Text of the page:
On entry, ${\mathbf{m}}=\u27e8\mathit{\text{value}}\u27e9$.
Constraint: ${\mathbf{m}}\ge \u27e8\mathit{\text{value}}\u27e9$.
On entry, ${\mathbf{n}}=\u27e8\mathit{\text{value}}\u27e9$.
Constraint: ${\mathbf{n}}\ge \u27e8\mathit{\text{value}}\u27e9$.
On entry, ${\mathbf{ncolh}}=\u27e8\mathit{\text{value}}\u27e9$ and ${\mathbf{n}}=\u27e8\mathit{\text{value}}\u27e9$.
Constraint: $0\le {\mathbf{ncolh}}\le {\mathbf{n}}$.
On entry, ${\mathbf{ne}}=\u27e8\mathit{\text{value}}\u27e9$, ${\mathbf{n}}=\u27e8\mathit{\text{value}}\u27e9$ and ${\mathbf{m}}=\u27e8\mathit{\text{value}}\u27e9$.
Constraint: $1\le {\mathbf{ne}}\le {\mathbf{n}}\times {\mathbf{m}}$.
On entry, ne is not equal to the number of nonzeros in acol. ${\mathbf{ne}}=\u27e8\mathit{\text{value}}\u27e9$, nonzeros in ${\mathbf{acol}}=\u27e8\mathit{\text{value}}\u27e9$.
On entry, ${\mathbf{nname}}=\u27e8\mathit{\text{value}}\u27e9$, ${\mathbf{n}}=\u27e8\mathit{\text{value}}\u27e9$ and ${\mathbf{m}}=\u27e8\mathit{\text{value}}\u27e9$.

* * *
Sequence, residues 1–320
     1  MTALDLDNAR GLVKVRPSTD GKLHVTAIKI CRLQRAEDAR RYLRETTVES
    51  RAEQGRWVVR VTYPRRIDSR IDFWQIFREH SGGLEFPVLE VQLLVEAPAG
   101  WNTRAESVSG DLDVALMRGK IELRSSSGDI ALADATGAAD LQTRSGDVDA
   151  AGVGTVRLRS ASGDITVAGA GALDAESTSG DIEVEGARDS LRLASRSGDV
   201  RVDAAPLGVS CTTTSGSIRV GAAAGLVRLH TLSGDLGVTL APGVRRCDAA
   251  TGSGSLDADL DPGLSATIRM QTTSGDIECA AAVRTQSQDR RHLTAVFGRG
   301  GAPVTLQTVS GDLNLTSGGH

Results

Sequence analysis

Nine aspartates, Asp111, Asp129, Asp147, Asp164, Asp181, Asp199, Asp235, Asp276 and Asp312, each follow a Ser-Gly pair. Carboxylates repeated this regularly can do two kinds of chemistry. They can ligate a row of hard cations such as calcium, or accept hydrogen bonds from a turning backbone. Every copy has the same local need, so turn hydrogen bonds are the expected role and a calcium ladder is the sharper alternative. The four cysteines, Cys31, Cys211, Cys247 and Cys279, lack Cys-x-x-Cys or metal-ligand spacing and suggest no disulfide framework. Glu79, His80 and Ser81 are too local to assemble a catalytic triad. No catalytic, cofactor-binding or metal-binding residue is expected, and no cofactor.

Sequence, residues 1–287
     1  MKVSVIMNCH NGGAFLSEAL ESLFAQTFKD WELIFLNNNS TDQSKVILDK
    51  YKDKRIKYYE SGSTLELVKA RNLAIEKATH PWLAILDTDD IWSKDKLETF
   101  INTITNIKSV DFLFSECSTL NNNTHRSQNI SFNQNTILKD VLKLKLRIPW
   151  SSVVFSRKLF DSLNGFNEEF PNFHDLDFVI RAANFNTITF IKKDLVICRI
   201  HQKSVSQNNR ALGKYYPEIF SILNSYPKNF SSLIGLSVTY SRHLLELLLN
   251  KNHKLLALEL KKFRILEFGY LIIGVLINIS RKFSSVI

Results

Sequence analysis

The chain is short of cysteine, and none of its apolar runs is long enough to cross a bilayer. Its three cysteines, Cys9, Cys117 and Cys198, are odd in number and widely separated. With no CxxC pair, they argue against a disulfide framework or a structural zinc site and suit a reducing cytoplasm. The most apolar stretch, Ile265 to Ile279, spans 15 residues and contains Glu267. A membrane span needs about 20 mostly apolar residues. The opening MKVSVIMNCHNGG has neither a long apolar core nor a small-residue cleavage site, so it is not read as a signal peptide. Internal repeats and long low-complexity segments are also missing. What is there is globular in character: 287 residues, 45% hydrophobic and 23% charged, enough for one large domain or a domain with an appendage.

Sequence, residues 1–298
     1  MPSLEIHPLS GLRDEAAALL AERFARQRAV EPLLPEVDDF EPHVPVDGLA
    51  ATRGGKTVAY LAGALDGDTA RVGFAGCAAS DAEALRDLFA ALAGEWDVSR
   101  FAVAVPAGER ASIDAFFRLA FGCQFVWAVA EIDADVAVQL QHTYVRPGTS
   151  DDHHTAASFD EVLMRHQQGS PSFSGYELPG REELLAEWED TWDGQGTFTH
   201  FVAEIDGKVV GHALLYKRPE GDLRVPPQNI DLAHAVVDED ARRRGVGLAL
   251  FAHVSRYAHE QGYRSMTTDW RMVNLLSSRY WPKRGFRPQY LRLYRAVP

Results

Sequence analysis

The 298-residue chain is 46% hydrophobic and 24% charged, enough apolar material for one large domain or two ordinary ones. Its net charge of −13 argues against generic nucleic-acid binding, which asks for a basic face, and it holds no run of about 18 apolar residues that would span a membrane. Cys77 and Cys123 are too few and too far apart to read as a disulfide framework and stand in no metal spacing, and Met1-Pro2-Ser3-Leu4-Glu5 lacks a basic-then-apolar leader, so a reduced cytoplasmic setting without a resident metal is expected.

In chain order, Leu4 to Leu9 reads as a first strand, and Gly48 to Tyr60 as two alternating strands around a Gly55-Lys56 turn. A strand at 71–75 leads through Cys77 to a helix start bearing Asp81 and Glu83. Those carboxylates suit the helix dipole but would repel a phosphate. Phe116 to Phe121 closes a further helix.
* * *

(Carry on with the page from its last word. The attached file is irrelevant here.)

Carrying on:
Constraint: ${\mathbf{nname}}=1$ or ${\mathbf{n}}+{\mathbf{m}}$.
On entry, row index $\u27e8\mathit{\text{value}}\u27e9$ in ${\mathbf{inda}}\left(\u27e8\mathit{\text{value}}\u27e9\right)$ is outside the range $1$ to ${\mathbf{m}}=\u27e8\mathit{\text{value}}\u27e9$.
On entry, ${\mathbf{start}}=\u27e8\mathit{\text{value}}\u27e9$.
Constraint: ${\mathbf{start}}=\text{'B'}$, $\text{'C'}$ or $\text{'W'}$.
${\mathbf{ifail}}=3$
The requested accuracy could not be achieved.
${\mathbf{ifail}}=4$
Weak solution found – the solution is not unique.
${\mathbf{ifail}}=5$
The linear constraints appear to be infeasible.
The problem appears to be infeasible. Infeasibilites have been minimized.
The problem appears to be infeasible. Nonlinear infeasibilites have been minimized.
The problem appears to be infeasible. The linear equality constraints could not be satisfied.
The problem is infeasible. The general constraints cannot all be satisfied simultaneously to within the value of the optional parameter Feasibility Tolerance.